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The Political Machine That Took Down Roe v. Wade | GZERO World

The political machine that took down Roe v. Wade

50 years ago, when the Supreme Court granted the constitutional right to abortion, the country was far less divided than is it today. Now with that Roe v. Wade decision overturned, roughly half the states have "trigger laws" on the books restricting abortion, New York Times columnist Emily Bazelon tells Ian Bremmer on GZERO World.

From a constitutional perspective, Bazelon says that abortion decisions today depend "on what you think of the idea that abortion is fundamental to women's liberty and equality" — a hard sell for what she calls a "maximalist" conservative majority on the court.

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How Will Biden and Congress Respond to the SCOTUS Abortion Ruling? | GZERO World

The abortion fight to come: why US Congressional control matters

New York Times columnist Emily Bazelon says the Justice Department is working to ensure states can't ban abortion pills, which are federally approved.

But then Congress (as a whole) will be a tough sell, she tells Ian Bremmer on GZERO World.

The House could enshrine Roe v. Wade into law, but it'll surely die in the Senate, where Democrats remain "paralyzed" over getting rid of the filibuster. And then, of course, the next Congress could repeal the whole thing.

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Ian Explains: The US Is a Global Outlier on Abortion Rights | GZERO World

Abortion rights are expanding around the world while the US is an outlier

Almost 50 years ago, the wife of a Republican US president came out in favor of abortion. Good luck with that happening today.
We now live in a much more divided country — as has been on full display after the Supreme Court overturned Roe v. Wade and removed the constitutional right to an abortion, Ian Bremmer tells GZERO World.

Interestingly, much of the rest of the world has been moving in the opposite direction. Largely Catholic countries in Latin America and Europe have legalized abortion in recent years, while African nations have rolled back or are rethinking colonial-era abortion bans.

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What Abortion Will Look Like in Different US States | GZERO World

Why permitting some abortion is smart politics

Since the SCOTUS Roe v. Wade ruling was leaked a couple of months ago, the GOP has refrained from putting Republican-led states on an abortion "purity test," says New York Times columnist Emily Bazelon.

Why? Because the majority of Americans believe abortion should be legal in some cases — but not all.

"Everything depends on where you draw the line," Bazelon tells Ian Bremmer on GZERO World.

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Podcast: An active US Supreme Court overturns "settled law" on abortion. What's next?

Listen: Americans now live in a much more divided country — as has been on full display after the US Supreme Court overturned Roe v. Wade and removed the constitutional right to an abortion, while the rest of the world - including largely Catholic countries in Latin America and Europe - is moving in the opposite direction. But the SCOTUS ruling is already making waves around the world.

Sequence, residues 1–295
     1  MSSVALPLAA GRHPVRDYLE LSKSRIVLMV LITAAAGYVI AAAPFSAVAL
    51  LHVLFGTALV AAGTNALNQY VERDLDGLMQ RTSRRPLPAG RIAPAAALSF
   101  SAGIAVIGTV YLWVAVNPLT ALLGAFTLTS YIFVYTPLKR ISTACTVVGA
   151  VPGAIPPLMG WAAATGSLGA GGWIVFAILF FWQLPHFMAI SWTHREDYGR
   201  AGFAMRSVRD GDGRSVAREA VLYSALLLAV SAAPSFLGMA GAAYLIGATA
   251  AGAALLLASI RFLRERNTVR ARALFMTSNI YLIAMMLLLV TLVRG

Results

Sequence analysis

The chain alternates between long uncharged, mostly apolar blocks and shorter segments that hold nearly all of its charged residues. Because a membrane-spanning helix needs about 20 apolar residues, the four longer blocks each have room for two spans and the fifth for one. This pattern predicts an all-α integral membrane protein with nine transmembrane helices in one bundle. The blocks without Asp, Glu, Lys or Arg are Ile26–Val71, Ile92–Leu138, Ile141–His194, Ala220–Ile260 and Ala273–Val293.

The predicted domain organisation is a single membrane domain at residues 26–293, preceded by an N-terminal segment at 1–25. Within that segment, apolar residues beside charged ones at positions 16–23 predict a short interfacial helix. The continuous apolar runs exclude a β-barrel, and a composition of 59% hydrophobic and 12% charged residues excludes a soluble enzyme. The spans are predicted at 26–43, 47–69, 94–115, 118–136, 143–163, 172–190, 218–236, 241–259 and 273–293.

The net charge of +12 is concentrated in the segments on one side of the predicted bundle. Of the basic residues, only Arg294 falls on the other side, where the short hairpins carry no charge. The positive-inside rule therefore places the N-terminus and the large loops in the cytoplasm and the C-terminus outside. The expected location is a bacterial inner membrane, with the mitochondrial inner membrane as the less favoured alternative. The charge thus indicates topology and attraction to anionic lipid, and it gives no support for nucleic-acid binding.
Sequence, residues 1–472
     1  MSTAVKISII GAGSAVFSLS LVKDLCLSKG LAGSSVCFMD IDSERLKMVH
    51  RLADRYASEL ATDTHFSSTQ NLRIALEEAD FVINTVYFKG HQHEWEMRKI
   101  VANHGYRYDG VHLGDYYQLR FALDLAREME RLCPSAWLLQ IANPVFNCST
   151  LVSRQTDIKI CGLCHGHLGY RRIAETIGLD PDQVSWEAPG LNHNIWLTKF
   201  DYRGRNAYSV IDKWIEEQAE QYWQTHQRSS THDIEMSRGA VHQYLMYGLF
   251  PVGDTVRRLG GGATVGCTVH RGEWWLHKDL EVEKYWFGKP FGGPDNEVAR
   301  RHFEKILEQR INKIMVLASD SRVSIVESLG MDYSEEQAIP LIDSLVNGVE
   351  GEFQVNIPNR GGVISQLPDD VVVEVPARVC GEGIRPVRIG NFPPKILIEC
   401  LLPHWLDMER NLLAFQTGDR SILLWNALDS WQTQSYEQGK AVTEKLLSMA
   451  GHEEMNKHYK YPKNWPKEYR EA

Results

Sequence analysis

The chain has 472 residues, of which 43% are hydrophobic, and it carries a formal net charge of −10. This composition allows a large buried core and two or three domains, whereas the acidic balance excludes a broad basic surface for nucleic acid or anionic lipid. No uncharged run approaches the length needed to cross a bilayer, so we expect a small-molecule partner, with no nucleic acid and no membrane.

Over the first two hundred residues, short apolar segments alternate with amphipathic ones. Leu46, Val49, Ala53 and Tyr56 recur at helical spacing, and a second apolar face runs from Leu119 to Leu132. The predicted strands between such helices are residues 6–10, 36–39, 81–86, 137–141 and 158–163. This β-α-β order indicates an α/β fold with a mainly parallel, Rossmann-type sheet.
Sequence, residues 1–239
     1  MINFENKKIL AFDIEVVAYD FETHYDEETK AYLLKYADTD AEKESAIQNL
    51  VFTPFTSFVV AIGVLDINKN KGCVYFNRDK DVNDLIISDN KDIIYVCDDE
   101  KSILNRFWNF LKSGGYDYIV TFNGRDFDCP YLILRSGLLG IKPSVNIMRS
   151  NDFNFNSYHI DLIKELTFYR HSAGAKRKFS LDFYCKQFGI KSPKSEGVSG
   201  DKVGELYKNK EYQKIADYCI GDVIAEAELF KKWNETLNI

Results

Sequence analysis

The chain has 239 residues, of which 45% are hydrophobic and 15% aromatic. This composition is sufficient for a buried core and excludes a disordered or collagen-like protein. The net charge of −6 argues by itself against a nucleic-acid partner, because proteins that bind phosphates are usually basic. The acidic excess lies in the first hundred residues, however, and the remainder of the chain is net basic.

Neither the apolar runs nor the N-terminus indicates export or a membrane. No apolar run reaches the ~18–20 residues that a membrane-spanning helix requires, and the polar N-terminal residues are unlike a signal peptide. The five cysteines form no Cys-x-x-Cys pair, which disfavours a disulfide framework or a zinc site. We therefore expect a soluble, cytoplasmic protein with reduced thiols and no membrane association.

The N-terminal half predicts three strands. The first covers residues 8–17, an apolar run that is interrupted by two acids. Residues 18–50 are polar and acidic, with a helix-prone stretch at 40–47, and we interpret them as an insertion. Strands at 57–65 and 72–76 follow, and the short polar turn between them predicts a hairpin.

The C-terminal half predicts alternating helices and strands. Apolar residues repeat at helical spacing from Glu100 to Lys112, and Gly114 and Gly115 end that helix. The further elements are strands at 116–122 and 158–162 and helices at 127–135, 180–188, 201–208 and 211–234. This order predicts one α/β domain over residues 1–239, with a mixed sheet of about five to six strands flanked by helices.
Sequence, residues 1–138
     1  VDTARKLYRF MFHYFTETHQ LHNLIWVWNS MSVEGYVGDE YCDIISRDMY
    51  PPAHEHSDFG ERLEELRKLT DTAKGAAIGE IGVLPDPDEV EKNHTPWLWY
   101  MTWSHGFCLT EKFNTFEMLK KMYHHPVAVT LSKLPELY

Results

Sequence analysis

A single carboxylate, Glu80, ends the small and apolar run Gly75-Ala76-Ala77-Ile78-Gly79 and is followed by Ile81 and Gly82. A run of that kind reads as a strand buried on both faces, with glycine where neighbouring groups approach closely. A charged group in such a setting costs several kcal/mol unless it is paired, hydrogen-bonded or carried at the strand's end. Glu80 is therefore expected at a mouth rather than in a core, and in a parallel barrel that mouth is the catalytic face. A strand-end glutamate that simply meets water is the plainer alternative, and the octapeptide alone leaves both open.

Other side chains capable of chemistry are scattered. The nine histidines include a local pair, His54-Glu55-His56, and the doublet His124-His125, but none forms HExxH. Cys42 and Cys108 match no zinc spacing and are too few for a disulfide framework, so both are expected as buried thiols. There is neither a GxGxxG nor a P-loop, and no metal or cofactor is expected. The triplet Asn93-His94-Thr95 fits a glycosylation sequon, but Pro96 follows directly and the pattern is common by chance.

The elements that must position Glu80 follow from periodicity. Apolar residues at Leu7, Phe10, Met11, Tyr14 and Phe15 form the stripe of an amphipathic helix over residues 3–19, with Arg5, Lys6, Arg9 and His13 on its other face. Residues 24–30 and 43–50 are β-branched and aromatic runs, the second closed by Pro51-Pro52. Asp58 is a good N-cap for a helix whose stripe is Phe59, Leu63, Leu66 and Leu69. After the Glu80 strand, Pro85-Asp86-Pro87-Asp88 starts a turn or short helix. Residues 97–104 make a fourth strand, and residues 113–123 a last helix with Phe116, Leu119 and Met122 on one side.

On the GZERO World podcast, Ian Bremmer speaks to New York Times columnist and senior research fellow at Yale Law School, Emily Bazelon, who knows a thing or two about abortion law.

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Roe v. Wade Overturned: Abortion Restricted in Half of US States | GZERO World

Roe v. Wade overturned: Abortion restricted in half of US states

Now that the US Supreme Court has overturned Roe v. Wade, roughly half the states have legislation on the books restricting abortion.

And 13 of them had "trigger laws" to ban abortion once the 1973 ruling was struck down. Residents of those states seeking abortions must now travel across state lines to get an abortion — and Missouri wants to sue those who do.

What's more, it'll be a long drive: an average of 125 miles, compared to just 25 when Roe was still the law of the land, Ian Bremmer explains on GZERO World.

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Mother and daughter outside the US Supreme Court.

REUTERS/Evelyn Hockstein

Abortion pills are the next frontier

Roe v. Wade is dead, but the abortion debate in America lives on.

Since it became clear two months ago that the demise of the landmark 1973 decision was inevitable, the contours of the abortion debate have shifted.

Even before Roe’s reversal by the Supreme Court on Friday, access to surgical abortions – those involving a vaginal procedure – had already been severely curtailed in many parts of the country. Now they will be very difficult to obtain in at least half of all states. As a result, medical abortions – a less invasive method that involves swallowing a pill – have become the new frontier in the battle over reproductive rights and access in America.

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Abortion Pills Likely Headed to Supreme Court, says NYT Columnist Emily Bazelon | GZERO World

Abortion pills likely headed to Supreme Court, says NYT Mag columnist Emily Bazelon

The issue of abortion pills could soon be taken up by the Supreme Court, New York Times Columnist Emily Bazelon told Ian Bremmer on GZERO World. This comes despite Attorney General Merrick Garland’s announcement that the pills could not be banned by states because of their FDA status.

“That's a pretty basic principle [that] federal regulation gets to trump essentially state regulation,” she said. However, she issued a warning about how the court’s handling of the issue could play out: “Sometimes when rules seem like they generally apply, they can look different in the context of abortion, especially with this conservative court.”

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